A drink is most simply an offering to whomever it is poured for. Why not offer a version to your guests that doesn't include alcohol?
Lately, I find myself talking with more and more folks who have taken a step back from the booze. We end up sharing references and reviews of good alcohol-free products on the market, be it an elixir, a mixer, a substitute, or even a premixed & canned mocktail.
People will choose to opt-out at the bar during your reception for many reasons, none of which warrant going empty-handed. So, while a soft drink will do the trick, why not treat your non-drinkers to something refreshing and exciting to sip on?
During my 12 years as a bartender, I made every drink under the sun and consumed them. Which is why I sit here writing this 854 days sober. (But who's counting??) This sobriety has helped me to fully deep dive into the world of mixing not-cocktails using in-season herbs like thyme, rosemary, basil, etc. In the world of mixology, we follow a basic rule of balance; the baseline for this is if you're mixing in sweet, you should almost always mix in sour. The easiest way to start with something sweet is to make a syrup. To do this, you'll want to blend equal parts liquid and sugar until the sugar is completely dissolved. Your liquid could be anything from the juice of an orange to lemongrass you let steep for a few hours or even a beet that you've juiced. Yup, I said a beet; trust me on this. But remember, while you experiment with your syrups, don't forget to add something tart! My go-to sour/tart component is most often freshly squeezed lemon or lime juice. Y'all, trust me when I say there are NO limits here. Think of flavors you love and get to testing!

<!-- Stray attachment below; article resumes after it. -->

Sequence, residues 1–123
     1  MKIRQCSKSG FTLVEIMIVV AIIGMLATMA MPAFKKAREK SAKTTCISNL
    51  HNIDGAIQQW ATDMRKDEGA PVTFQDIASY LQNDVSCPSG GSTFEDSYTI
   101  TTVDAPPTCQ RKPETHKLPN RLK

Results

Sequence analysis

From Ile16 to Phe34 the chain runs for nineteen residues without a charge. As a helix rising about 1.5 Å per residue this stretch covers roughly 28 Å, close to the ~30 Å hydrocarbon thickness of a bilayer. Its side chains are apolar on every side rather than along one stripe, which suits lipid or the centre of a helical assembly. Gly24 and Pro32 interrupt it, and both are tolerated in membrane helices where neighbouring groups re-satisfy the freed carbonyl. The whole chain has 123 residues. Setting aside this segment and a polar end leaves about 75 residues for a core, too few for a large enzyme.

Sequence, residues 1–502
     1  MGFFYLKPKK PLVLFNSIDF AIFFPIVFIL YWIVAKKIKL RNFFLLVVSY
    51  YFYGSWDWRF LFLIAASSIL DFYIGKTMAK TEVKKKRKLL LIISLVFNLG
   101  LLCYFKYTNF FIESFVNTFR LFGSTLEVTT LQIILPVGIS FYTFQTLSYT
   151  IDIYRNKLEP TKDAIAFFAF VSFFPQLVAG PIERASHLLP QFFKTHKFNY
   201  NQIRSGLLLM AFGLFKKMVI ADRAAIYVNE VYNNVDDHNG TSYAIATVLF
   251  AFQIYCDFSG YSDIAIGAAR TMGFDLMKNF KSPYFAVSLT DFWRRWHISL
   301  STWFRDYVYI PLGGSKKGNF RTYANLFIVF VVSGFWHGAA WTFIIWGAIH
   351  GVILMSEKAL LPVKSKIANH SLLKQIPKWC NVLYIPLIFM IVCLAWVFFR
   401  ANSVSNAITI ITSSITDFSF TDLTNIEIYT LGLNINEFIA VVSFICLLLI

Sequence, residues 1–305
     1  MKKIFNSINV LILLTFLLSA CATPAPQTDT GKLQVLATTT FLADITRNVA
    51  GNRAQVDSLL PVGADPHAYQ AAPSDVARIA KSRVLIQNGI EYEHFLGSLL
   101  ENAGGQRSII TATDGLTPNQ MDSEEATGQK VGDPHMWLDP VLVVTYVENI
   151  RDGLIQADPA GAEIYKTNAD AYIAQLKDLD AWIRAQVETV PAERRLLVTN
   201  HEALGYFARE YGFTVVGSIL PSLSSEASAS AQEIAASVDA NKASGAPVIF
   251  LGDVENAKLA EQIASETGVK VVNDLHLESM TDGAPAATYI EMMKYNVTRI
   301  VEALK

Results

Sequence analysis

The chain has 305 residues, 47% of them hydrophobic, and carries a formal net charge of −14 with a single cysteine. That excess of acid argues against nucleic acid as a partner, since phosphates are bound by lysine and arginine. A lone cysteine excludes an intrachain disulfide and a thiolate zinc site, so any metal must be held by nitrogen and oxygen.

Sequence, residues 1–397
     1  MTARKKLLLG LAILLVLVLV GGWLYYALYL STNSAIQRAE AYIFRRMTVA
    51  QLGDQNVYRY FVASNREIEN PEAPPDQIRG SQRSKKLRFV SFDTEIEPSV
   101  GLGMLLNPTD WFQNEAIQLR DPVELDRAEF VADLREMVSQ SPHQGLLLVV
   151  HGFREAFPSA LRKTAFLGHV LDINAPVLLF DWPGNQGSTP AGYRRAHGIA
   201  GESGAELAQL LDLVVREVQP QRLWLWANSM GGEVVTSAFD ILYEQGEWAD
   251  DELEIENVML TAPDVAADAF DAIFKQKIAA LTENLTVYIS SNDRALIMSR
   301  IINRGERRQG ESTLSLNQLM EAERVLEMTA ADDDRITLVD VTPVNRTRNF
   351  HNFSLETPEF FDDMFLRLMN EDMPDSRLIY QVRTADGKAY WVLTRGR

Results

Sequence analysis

The recipe below has a super simple and refreshing concoction that "tastes like coming home."
2 oz. chamomile syrup
1 oz. freshly squeezed lemon juice
Combine syrup + juice in a glass.
Fill the glass to the brim with ice.
Add soda + stir.
TO MAKE SYRUP
Steep 1 cup of chamomile flower in 2 cups of water for 2 hours.
Strain out flowers and bring that chamomile tea back to a boil.
Add in 1 cup sugar, mixing until completely dissolved.
Let cool, and store in an airtight container in the refrigerator for up to 2 weeks.